- network interface—any physical and/or logical device, system, and/or process capable of coupling an information device to a network. Exemplary network interfaces comprise a telephone, cellular phone, cellular modem, telephone data modem, fax modem, wireless transceiver, communications port, ethernet card, cable modem, digital subscriber line interface, bridge, hub, router, or other similar device, software to manage such a device, and/or software to provide a function of such a device.
- non-overlapping—not substantially extending over and/or covering a part of.
- not—a negation of something and/or in no way.
- offset—in a location near to but distinguishable from a given point or area.
- opposing—opposite; against; being the other of two complementary or mutually exclusive things; placed or located opposite, in contrast, in counterbalance, and/or across from something else and/or from each other.
- opposite—facing away from.
- optical—of or relating to light, sight, and/or a visual representation.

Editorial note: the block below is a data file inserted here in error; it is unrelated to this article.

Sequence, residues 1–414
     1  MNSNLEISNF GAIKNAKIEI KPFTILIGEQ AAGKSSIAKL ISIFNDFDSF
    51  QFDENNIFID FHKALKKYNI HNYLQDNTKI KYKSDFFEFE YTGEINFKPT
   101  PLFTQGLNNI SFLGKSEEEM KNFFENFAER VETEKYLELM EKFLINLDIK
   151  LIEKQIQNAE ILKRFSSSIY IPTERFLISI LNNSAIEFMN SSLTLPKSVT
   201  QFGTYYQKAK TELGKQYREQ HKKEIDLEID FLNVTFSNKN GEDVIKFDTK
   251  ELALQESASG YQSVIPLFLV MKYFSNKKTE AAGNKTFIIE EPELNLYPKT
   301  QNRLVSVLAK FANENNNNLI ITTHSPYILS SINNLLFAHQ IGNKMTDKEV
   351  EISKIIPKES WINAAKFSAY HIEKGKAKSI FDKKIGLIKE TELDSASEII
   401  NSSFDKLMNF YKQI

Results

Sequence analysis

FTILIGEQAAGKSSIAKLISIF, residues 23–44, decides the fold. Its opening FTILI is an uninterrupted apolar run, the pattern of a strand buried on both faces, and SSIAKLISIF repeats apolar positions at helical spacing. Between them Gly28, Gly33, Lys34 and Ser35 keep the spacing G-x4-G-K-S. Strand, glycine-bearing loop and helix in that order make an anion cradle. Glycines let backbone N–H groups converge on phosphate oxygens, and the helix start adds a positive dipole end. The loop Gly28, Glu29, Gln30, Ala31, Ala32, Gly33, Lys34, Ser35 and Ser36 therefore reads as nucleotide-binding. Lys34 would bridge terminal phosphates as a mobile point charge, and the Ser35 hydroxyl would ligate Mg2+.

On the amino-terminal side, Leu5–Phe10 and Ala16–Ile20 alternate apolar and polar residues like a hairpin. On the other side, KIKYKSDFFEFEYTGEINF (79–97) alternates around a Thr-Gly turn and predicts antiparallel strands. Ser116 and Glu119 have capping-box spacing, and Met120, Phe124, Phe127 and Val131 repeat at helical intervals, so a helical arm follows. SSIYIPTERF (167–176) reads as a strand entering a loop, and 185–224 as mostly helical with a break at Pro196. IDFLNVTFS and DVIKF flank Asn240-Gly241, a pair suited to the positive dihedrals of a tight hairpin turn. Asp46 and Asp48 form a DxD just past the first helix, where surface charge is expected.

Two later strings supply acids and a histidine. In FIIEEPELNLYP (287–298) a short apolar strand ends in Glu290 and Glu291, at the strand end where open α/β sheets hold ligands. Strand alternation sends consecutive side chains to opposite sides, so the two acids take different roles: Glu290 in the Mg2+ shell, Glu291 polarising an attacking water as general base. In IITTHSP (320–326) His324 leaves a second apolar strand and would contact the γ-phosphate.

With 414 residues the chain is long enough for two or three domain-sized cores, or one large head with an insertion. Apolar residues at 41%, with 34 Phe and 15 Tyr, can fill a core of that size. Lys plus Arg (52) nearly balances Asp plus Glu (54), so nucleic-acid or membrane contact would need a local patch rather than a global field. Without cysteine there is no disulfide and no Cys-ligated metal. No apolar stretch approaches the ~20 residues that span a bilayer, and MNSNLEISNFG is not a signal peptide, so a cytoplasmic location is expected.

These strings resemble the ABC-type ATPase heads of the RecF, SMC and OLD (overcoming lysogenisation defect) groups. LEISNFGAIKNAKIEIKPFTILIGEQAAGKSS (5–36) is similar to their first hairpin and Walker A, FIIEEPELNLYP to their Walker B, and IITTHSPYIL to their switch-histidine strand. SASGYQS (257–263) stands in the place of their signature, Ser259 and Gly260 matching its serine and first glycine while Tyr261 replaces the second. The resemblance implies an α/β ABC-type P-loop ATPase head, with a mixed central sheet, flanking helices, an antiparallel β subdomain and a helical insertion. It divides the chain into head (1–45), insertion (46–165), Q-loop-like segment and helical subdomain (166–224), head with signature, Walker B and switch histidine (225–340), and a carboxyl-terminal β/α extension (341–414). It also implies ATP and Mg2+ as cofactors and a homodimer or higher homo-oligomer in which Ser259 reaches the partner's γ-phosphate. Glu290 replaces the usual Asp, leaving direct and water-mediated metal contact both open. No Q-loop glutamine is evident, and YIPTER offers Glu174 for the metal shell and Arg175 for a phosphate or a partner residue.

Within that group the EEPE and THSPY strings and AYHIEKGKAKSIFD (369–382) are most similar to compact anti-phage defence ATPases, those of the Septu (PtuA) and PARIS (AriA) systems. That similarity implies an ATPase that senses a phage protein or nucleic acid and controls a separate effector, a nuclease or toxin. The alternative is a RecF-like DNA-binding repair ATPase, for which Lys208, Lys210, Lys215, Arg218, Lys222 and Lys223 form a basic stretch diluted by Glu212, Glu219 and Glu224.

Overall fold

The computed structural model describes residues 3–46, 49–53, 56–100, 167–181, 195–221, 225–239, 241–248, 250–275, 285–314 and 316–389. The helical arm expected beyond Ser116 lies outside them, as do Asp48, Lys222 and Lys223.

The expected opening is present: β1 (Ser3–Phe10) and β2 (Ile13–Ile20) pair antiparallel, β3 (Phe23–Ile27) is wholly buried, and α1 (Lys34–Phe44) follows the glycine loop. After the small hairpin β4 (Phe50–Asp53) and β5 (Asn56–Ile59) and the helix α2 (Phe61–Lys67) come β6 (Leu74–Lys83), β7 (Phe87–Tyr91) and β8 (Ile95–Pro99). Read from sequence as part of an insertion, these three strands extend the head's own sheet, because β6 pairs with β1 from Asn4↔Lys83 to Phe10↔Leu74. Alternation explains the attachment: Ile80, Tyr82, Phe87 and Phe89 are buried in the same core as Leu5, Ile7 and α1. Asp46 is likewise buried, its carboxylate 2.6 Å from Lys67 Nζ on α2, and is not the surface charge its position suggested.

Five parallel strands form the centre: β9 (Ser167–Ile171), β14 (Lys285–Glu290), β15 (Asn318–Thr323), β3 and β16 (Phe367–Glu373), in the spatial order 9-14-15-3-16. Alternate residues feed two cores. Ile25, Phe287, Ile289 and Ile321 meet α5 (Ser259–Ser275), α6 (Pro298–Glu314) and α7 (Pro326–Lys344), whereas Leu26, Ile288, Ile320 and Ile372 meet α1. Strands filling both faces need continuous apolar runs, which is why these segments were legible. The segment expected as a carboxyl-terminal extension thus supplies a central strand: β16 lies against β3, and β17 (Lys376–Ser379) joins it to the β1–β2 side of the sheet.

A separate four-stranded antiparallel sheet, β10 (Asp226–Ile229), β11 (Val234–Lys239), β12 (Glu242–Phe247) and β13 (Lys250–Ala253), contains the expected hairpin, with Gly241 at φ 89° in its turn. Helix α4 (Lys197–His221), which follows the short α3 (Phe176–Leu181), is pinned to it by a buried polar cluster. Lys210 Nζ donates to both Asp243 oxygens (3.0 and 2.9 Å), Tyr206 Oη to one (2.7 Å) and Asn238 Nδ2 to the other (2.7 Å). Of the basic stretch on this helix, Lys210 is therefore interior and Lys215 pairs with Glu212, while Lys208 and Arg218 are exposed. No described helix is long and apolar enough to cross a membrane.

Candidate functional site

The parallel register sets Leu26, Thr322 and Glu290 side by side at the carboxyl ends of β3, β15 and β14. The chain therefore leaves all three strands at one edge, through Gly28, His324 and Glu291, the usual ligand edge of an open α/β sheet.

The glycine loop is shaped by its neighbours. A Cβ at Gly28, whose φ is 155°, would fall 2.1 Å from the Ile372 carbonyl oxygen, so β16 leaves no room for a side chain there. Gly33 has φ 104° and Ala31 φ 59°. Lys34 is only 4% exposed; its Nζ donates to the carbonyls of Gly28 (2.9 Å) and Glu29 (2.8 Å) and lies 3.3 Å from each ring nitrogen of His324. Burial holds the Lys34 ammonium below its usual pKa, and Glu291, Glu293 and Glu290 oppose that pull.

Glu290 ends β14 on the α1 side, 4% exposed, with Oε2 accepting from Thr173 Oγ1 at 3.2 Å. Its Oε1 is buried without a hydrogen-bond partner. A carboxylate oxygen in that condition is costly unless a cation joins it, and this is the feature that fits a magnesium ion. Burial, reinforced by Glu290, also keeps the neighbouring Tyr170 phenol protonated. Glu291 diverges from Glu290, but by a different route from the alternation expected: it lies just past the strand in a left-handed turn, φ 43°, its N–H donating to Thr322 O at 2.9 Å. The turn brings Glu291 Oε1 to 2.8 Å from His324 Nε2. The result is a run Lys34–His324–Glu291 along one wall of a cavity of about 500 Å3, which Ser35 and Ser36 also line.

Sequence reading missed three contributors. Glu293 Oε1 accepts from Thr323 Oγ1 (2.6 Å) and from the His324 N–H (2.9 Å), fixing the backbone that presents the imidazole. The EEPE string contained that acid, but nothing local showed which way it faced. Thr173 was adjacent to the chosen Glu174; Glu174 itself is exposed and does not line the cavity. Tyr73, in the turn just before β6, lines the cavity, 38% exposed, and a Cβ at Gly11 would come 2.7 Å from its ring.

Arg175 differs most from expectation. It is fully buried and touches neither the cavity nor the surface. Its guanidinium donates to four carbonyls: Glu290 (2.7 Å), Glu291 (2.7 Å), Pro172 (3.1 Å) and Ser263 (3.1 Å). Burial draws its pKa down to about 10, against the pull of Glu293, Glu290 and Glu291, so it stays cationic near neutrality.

- optically edge-less—substantially lacking an ability to bend light due to interaction of the light with a discontinuity and/or edge.
- overlap—(n) a part and/or portion that overlaps and/or is overlapped; (v) to extend over and/or cover a part of.
- packet—a generic term for a bundle of data organized in a specific way for transmission, such as within and/or across a network, such as a digital packet-switching network, and comprising the data to be transmitted and certain control information, such as a destination address.
- pair—a set of two items.
- parallel—of, relating to, and/or designating lines, curves, planes, and/or surfaces everywhere equidistant and/or an arrangement of components in an electrical circuit that splits an electrical current into two or more paths.
- partially—to an extent, but not necessarily totally.
- perceptible—capable of being perceived by the human senses.
- perpendicular—intersecting at or forming substantially right angles; and/or substantially at a right angle with respect to an axis.